Avoiding Cow’s Milk
If your baby has an allergy to cow’s milk, you will need to avoid all types of dairy food in their weaning diet. Examples of these foods include cheese, yoghurt, fromage frais, milk, butter, cream, ice cream, custard etc.
It is also necessary to carefully check the food labels on the products you buy. If the food contains cow’s milk, it will be listed in the ingredients on the back of the pack; however, it might not always be obvious. Look out for, and avoid, any of the following, which all refer to ingredients derived from cow’s milk.
- Cow’s milk (fresh, UHT)
- Casein (curds), caseinates
- Evaporated milk
- Calcium or sodium caseinate
- Condensed milk
- Hydrolysed casein
- Whey, whey solids, whey powder, whey protein, whey syrup sweetener, hydrolysed whey protein
- Butter, butter oil
- Milk powder, skimmed milk powder, milk sugar, milk protein, non-fat milk solids, modified milk
- Fromage Frais
- Ice cream
- Cream/artificial cream
Introducing Other Allergens to Your Baby’s Diet
If your baby has an allergy to cow’s milk, they may be at increased risk of developing other allergies. There are 14 main food allergens (listed below), and it is recommended that you introduce these foods one at a time, leaving a gap of approximately three days between each allergen.
The 14 main allergens include:
- Tree nuts, such as almonds, brazil nuts, cashews, hazelnuts, macadamia, pecan, pistachios, walnuts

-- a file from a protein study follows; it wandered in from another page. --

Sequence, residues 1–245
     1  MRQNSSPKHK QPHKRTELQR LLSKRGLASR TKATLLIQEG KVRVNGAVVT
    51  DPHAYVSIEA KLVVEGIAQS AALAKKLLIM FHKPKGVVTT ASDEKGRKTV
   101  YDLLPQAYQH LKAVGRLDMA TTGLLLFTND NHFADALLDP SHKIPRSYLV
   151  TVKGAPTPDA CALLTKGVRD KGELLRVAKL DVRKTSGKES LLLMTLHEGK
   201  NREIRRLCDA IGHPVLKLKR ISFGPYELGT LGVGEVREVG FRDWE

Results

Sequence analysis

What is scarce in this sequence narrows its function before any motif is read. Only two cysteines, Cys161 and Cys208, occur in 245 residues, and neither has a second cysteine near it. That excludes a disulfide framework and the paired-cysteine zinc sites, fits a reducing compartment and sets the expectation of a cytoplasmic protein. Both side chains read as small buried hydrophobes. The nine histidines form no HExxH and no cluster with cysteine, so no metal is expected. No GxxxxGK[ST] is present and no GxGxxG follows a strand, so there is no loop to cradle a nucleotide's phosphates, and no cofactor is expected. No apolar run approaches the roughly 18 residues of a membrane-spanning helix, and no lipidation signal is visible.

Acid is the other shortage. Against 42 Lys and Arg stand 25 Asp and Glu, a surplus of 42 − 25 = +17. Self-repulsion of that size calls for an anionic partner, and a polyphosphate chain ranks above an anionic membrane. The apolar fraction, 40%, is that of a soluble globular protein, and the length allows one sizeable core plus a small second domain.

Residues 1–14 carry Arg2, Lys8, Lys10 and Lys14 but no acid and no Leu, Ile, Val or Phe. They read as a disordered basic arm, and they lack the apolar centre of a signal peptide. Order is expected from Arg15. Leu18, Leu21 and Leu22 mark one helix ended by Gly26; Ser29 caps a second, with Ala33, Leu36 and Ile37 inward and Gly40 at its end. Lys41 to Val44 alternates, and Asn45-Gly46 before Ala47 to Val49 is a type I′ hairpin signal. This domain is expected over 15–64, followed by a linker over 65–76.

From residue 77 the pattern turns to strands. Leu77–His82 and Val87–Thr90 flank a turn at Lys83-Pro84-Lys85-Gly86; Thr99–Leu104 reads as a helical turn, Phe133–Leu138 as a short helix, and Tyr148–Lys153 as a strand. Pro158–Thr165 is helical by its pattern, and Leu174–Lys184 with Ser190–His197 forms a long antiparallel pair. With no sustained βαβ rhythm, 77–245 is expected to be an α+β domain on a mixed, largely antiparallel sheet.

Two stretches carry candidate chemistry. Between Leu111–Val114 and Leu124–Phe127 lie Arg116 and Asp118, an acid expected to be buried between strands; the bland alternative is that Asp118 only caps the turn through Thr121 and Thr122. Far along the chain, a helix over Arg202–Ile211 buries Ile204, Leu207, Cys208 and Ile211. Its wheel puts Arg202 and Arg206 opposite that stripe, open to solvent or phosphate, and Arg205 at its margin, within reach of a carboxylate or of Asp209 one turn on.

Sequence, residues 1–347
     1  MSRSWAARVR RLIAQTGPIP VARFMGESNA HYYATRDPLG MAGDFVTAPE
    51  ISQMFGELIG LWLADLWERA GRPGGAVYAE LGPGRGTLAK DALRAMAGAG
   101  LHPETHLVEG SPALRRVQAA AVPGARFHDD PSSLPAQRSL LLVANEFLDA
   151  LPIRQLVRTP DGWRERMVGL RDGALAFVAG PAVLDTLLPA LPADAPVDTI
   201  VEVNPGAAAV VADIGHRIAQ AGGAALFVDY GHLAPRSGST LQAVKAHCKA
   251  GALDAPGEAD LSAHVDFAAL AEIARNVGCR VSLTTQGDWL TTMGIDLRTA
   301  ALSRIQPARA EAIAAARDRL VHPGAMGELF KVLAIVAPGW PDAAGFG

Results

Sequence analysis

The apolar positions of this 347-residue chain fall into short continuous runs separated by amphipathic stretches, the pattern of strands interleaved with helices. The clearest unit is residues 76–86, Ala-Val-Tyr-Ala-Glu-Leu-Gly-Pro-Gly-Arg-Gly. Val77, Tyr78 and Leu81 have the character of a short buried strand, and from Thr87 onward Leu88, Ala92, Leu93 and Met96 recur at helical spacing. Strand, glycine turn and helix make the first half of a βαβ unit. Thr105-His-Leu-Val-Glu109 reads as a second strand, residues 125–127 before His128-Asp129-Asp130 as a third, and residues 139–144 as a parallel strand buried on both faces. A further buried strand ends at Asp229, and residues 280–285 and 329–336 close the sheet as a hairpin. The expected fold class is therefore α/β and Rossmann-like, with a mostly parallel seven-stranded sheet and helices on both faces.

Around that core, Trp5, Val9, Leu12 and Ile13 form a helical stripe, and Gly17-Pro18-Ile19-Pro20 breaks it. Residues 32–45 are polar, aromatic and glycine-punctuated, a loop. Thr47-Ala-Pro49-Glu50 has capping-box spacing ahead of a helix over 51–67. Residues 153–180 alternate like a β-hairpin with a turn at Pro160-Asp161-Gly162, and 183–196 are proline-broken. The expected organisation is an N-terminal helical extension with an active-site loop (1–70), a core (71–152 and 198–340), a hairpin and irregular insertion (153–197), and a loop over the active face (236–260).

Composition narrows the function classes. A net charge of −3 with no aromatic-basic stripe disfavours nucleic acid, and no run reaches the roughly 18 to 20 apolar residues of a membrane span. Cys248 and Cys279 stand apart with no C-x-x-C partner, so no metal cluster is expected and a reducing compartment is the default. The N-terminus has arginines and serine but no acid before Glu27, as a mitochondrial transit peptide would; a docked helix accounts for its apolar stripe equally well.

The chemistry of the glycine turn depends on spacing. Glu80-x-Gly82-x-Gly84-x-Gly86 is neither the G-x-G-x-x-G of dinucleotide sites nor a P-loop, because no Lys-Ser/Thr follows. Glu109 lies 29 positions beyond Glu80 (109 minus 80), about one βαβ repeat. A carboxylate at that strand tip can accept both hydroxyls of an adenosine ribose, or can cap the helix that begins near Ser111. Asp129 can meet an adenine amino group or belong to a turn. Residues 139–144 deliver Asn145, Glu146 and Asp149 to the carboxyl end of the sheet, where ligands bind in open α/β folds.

- Soya (babies with an allergy to cow’s milk may also react to soya because the proteins are very similar)
- Crustaceans, such as crab, lobster, crayfish, shrimps, prawns
- Molluscs, such as mussels, clams, octopus, squid
- Cow’s milk (don’t offer this allergen if your baby has a cow’s milk allergy)
- Sulphur Dioxide/Sulphites
After the first couple of weeks of weaning, and once your baby has experienced their first flavours, you can begin offering a wider variety of foods, including these allergens. It’s normal to feel nervous about trying these allergens for the first time.
If you are feeling anxious, talk it through with your GP or allergy specialist, but try not to put off introducing them. Evidence shows that delaying the introduction of these allergens after 6-12 months can increase the risk of allergy.
Follow these five tips for introducing allergens to your baby:
1. Introduce allergens when your baby is feeling well and is symptom-free. If they have a rash or are recovering from a tummy upset, the indicators of a food allergy might be masked by their current symptoms.
2. Offer the foods one at a time. If your baby develops symptoms after eating several new foods, you won’t know which food it was that caused the reaction.
3. Offer the food in small doses to begin with - for example, ¼ teaspoon of cooked scrambled egg or smooth nut butter. If your baby does react, the symptoms are usually less severe if the dosage is small. You can increase the dosage of the food each time you offer it, providing your baby has not reacted.